For investors travel is a mega trend that cannot be ignored…
I was sort of surprised to learn how much investment, smart money is piling into the travel tech, leisure tech and the travel logistics sector.
Why is travel and leisure industry that has been pounded by the pandemic, experiencing a 90% fall in tourism and business traffic, the closure of restaurants, entertainment attracting so much capital?
Let’s think about it for a second…we can assume the bounce back when the world starts moving again will be very strong…people want to travel — need holidays, to visit families…cities need tourism to return quickly. It all makes perfect sense and why the Travel and Leisure Sector is the hot sector for investors.
I live in the West Country of the UK, a coastal fishing village popular with tourists, a microcosm of the bigger world. Not only are there no houses for sale (as families move out of cities), all rental properties are already fully booked into 2022, hotels and restaurants fully booked as the UK government announce dates to end ‘lock down’ as more than 50% of the population receive the vaccine. Lets us not forget this is without overseas tourism into the UK… People are ready to spend, go out, have fun…
But here is the thing. The Covid effect hit most industries hard, the accelerator effect that quickly exposed tired business models that were failing anyway. The traveller, you and I want to go to that place in the sun, go to the beach, visit our favourite destinations, see friends and family. Even though we know this time it will be different. Or will it…
OK, the $47billion Airbnb IPO helped get attention on this sector, as did $2.6bn invested in OYO and several other large rounds and successes. In so many ways the ‘pandemic’ has been good for the sector, forcing change on it, but most of all has inspired a new generation of entrepreneurs, managers to do things different, to find the new business model, to create the next UBER, yes I was surprised they label themselves as a Transport company (yet own no vehicles) they create and are the aggregator of network capacity! I get it.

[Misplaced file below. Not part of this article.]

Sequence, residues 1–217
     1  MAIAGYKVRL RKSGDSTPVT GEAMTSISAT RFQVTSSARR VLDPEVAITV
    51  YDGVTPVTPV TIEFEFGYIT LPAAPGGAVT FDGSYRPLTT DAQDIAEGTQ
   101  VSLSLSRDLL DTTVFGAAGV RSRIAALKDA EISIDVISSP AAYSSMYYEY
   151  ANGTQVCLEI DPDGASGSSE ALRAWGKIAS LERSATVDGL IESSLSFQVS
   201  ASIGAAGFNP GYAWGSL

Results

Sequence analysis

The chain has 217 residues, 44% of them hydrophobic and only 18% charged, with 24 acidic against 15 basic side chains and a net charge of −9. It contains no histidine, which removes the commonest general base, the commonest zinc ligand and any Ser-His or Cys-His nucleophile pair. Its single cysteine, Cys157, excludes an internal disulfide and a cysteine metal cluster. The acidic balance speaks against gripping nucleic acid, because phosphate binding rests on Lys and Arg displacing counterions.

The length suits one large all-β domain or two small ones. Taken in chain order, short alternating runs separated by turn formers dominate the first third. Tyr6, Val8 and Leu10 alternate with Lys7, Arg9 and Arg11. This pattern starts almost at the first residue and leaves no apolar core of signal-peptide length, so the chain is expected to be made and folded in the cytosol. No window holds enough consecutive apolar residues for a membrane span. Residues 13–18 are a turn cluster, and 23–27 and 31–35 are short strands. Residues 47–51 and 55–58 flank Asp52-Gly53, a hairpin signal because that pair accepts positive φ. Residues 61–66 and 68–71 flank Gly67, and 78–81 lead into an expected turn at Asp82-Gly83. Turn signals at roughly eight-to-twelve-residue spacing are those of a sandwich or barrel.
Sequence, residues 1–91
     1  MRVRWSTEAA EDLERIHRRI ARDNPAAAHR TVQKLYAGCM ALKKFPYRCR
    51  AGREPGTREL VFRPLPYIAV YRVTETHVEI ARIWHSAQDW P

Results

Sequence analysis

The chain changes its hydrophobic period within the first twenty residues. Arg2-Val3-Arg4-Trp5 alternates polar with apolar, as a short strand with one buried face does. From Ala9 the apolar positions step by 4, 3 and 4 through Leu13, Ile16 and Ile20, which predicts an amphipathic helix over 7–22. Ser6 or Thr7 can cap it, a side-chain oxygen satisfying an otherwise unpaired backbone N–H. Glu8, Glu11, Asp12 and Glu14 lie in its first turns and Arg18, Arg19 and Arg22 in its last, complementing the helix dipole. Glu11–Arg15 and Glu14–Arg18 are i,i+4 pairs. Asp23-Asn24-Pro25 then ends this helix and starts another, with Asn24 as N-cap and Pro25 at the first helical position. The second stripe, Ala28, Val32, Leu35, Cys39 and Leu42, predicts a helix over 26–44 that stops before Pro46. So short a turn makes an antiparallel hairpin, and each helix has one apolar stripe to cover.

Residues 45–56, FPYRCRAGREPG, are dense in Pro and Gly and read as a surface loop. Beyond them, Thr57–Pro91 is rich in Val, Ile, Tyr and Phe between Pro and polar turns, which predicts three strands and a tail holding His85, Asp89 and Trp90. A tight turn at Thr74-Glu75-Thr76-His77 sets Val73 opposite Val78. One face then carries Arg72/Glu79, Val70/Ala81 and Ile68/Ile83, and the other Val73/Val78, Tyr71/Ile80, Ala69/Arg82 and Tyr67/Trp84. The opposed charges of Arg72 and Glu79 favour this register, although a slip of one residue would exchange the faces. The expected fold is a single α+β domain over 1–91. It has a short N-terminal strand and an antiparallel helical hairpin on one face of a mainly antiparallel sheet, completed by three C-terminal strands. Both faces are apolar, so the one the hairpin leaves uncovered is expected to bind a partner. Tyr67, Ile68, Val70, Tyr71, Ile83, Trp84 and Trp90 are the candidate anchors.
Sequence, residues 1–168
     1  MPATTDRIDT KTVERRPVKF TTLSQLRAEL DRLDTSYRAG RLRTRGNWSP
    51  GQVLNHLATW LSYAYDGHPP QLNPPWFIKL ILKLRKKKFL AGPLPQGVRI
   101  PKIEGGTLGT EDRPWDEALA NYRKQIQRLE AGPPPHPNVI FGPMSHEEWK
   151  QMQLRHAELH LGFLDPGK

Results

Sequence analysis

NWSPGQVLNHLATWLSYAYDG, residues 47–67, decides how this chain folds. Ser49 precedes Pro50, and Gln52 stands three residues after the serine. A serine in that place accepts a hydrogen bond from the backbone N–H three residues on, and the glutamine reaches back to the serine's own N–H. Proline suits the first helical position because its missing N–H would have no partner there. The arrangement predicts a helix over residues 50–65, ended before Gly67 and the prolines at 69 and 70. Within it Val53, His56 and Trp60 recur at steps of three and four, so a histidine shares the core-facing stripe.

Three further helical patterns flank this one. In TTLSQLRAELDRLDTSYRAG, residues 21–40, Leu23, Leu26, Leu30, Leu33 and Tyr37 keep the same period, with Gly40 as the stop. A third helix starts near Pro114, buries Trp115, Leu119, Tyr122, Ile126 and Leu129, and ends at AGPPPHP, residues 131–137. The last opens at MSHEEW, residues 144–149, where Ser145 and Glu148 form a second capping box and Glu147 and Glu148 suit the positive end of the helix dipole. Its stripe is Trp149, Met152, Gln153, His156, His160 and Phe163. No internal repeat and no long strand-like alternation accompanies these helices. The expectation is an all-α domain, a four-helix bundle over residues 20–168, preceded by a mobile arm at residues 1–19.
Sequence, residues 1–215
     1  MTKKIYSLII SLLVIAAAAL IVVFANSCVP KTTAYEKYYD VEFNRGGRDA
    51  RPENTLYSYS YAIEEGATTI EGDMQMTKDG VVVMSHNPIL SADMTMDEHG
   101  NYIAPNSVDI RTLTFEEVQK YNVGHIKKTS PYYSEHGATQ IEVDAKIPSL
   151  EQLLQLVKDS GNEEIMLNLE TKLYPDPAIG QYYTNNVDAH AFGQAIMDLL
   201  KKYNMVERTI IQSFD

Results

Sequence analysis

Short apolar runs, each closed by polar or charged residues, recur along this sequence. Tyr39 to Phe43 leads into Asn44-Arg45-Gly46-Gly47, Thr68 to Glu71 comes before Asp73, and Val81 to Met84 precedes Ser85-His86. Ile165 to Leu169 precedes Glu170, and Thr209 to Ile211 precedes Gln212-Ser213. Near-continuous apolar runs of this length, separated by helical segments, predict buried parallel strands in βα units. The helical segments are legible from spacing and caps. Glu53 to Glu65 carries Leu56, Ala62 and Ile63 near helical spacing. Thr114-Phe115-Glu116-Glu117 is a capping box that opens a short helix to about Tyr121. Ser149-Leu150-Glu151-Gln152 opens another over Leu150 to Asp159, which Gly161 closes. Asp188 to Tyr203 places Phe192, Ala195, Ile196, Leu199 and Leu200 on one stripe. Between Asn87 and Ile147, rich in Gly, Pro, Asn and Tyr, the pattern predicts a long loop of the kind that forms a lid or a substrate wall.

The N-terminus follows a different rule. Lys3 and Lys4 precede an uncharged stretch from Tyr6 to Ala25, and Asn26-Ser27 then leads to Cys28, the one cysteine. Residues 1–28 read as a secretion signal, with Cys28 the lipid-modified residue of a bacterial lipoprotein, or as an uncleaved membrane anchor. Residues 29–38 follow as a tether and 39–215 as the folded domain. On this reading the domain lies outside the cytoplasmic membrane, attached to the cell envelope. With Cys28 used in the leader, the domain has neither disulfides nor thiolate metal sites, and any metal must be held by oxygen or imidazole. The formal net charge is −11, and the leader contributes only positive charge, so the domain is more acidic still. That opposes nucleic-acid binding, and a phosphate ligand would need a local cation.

Market Influences & Trends
Humans need social interaction — as the world starts moving again, given there is only so much business you can conclude on Zoom, we as humans have a need to ‘press the flesh’ and look people in the eye once more. It is hiow we form relationships, make judgements and what makes us human. We also know this time around it will be different, the legacy of the pandemic. It is likely we shall carry Vaccine Cards and have to demonstrate our state of health as we enter and leave countries, terminals, places. It is likely fewer people will accept being packed into small spaces, airport jetties, small hotels, tiny rooms. We accept but may not like the need for further testing, booster vaccines each year, as a new travel and transport infrastructure emerges that can cope with further pandemics.
Airlines — already new airline propositions are launching — offering roomy Business Class flights, to tap into this shift. Although during this pandemic apart from the reduced service and rubbish food, it was nice to have space and not sit on top of one another. I quite liked half empty planes and didnt care for business lounges anyway. At best a poor concept, and what is offered nolonger fits with our needs. To not queue for the lavatory, to have luggage space for once was a luxury I enjoyed.